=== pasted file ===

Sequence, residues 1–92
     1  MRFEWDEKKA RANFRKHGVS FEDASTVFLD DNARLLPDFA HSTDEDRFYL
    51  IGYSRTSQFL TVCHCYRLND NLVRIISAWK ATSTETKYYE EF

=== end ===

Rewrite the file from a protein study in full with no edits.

Sequence, residues 1–92
     1  MRFEWDEKKA RANFRKHGVS FEDASTVFLD DNARLLPDFA HSTDEDRFYL
    51  IGYSRTSQFL TVCHCYRLND NLVRIISAWK ATSTETKYYE EF